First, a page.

Nimish Dwivedi
Nov 07, 2019

Marketing chronicles: 'Gabbar ki asli pasand'

The author explains how brands can revoke nostalgia to revive brands

Marketing chronicles: 'Gabbar ki asli pasand'
A piece in the Wall Street Journal on 22 September 2019 left me 'nicked' for words. 
 
The story mentions how some men are willingly shifting from the multi blade madness of recent times and reaching out for grandpa's old world 'safety razors' for their morning shave. Basically, going back to a fairly dangerous contraption which has no flexi ball or lubricating strip, just a metal guard separating blade from skin. And in a bid to reconnect with the past, they are happily shedding a few drops of blood or more. To avail a more romanticised experience, they are  taking pleasure in seeing shaving water running off in the sink, pink with their blood.
 
And while that shift is happening there are two branding aspects that stand out as opportunities. First is the 'bring back the original opportunity'. 
 
Imagine reintroducing the original Gillette Safety Razor in a premiumised version with an expensive handle and a whole range of pre-shave, while shaving and after shave unguents to provide men a chance to relive their grandfather's shaving experience. Not to mention, bringing back the good old shaving brush, as the article mentions purists are insisting that for a real shaving experience, one must use a shaving brush made from a badger's belly hair.
 
The second opportunity is 'the original but recast with modern technology'. Check what a brand called "Supply"  is doing. They sell single blade razors in a multi-blade world. But their single edge razor is made from aerospace grade stainless steel. Instead of conventionally designed single blades, they have designed an injectable single blade option. Supply claims that these single blades are twice as thick as standard blades and provide a closer, irritation free shave. Imagine Gillette or Schick building on what Supply is already promoting by injecting modern technology into grandfather's shaving experience and making it cool, hip and safe.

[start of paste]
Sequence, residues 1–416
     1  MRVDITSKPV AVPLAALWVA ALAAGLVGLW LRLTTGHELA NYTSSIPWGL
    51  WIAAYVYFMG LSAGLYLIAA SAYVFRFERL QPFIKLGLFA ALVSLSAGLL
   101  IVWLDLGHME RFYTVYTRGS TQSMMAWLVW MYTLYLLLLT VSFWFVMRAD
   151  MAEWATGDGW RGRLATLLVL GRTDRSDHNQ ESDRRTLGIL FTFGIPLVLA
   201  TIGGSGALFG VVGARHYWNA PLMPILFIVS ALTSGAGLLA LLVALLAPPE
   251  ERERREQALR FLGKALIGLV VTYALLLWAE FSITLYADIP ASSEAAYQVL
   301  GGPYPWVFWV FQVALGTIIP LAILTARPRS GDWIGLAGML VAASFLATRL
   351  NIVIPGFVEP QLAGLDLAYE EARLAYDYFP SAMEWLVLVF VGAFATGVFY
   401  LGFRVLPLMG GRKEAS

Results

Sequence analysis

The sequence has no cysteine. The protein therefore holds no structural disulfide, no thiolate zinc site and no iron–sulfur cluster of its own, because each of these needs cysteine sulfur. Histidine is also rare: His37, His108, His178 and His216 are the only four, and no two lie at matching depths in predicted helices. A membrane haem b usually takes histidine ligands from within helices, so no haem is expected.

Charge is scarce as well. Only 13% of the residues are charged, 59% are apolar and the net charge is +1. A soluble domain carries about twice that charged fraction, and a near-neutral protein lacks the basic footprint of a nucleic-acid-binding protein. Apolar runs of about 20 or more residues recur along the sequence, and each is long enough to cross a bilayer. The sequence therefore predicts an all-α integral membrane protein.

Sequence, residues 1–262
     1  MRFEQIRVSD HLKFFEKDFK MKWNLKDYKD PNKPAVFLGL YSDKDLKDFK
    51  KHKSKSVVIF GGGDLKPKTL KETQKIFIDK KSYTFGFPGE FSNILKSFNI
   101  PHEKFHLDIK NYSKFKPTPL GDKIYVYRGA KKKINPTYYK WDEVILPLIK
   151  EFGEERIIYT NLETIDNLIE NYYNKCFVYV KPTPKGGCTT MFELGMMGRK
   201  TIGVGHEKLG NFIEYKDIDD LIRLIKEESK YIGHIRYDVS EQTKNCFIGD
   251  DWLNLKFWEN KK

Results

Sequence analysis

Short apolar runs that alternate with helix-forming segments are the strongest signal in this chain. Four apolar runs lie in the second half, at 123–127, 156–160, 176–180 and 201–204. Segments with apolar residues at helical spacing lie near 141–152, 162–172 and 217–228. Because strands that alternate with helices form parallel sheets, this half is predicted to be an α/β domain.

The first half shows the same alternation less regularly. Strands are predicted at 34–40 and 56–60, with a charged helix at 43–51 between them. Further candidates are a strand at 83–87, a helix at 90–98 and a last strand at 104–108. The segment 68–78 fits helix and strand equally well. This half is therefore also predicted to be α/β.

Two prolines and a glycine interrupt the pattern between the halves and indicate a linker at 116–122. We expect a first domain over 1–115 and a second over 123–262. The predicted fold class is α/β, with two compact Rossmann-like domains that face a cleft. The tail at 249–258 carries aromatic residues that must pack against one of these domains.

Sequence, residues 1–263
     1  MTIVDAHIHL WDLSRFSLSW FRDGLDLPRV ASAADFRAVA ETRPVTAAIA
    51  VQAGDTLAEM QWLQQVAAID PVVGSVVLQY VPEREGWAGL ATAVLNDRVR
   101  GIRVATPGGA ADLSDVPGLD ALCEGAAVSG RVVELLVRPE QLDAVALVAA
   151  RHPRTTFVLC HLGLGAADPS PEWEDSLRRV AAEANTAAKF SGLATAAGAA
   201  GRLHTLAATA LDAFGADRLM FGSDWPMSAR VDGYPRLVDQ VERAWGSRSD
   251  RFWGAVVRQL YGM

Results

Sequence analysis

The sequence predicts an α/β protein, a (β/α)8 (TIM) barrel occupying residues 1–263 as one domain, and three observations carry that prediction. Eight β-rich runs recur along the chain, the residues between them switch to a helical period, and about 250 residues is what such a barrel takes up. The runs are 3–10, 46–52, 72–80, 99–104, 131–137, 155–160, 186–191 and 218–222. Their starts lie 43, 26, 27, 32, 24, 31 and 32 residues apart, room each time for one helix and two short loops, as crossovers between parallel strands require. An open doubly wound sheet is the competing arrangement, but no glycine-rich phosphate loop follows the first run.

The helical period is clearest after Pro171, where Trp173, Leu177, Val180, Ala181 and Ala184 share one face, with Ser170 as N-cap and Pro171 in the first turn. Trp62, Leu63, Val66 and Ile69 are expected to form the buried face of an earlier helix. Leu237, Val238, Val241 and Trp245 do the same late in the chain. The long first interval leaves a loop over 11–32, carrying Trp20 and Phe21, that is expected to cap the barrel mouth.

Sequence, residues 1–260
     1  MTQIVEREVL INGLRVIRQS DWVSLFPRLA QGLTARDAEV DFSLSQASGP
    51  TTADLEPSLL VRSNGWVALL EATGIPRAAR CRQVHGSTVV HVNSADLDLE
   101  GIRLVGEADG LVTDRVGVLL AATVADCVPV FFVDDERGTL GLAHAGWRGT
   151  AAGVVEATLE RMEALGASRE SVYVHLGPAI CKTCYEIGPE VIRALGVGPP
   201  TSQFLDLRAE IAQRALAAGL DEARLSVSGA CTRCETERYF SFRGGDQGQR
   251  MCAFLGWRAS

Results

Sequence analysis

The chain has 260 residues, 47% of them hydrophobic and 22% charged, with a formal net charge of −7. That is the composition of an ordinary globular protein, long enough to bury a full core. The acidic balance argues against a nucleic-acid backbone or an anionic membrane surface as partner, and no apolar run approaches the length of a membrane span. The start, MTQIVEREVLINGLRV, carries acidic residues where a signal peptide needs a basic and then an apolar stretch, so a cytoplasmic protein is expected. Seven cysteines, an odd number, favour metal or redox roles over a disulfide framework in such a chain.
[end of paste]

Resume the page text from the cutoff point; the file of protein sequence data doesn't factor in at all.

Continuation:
This 'bring on the past as is', or in its modernised version, is best exemplified with the recent success of Saregama's Carvaan. 
 
While essentially being just a hard disc of old songs, what makes Carvaan work is how they have created a form factor that the previous generation is most comfortable with -- the old world radio. Now a whole generation not only has ready access to the songs of their era but can also access them in the format they grew up with. Simply turn the knob and let the music of a long lost era play in a modern static free format.
 
From Hum Log to Yeh Jo Hai Zindagi to Wagle Ki Duniya there are also a whole host of serials that a whole generation may want to watch again. Imagine an extension of Carvaan wherein a tablet is converted into the format of old age televisions. Knobs, channels and of course antennas too. Where with the twist of a knob one can immerse oneself in the poetry of Gulzar and Naseeruddin Shah’s Mirza Ghalib, with another twist start solving mysteries with Pankaj Kapur as Karamchand and then twist the knob once again to follow the lives of Guru and Khopdi at their Nukkad.
 
This charm of the sixties and seventies can also be extended to revive consumer products. Fans of the series 'Billions' on Netflix will recall one particular episode where Bobby Axelrod summarises what is the issue with his favourite snack cake, which he used to relish as a child. It simply does not taste that good now due to changes in ingredients and changes in the recipe all made to optimise margins.
 
Many old people in India complain in the same way that their favourite biscuit dipped in chai does not taste the same as it used to in the seventies. One can understand inflation in the prices of ingredients at one end and the necessity of maintaining a certain price point beyond which volumes may dip at the other end resulting in ongoing changes to  the original recipe. But, there is an opportunity to actually reintroduce the same recipe of the seventies at a much higher price point and possibly with the same packaging that was used at that time.
 
After all, not just the older generation but even the newer generation may not mind paying more for getting that buzz of relishing  the original seventies recipe of their preferred biscuit dipped in piping hot tea and saying these are truly -- "Swad Bhare, Shakti Bhare".
 
Or walking into a super market and seeing Amjad Khan staring at them from their favourite biscuit packet saying -  'Gabbar Ki Asli Pasand'. 
 
 
(The author is a senior consumer marketing and financial services professional  based in Vietnam who has lived and worked in India, Japan, Hong Kong, Singapore and Dubai. His book "Marketing Chronicles" is available on Amazon India, Flipkart and at key online/ physical book stores.) 
 

 

 
 

 

Source:
Campaign India

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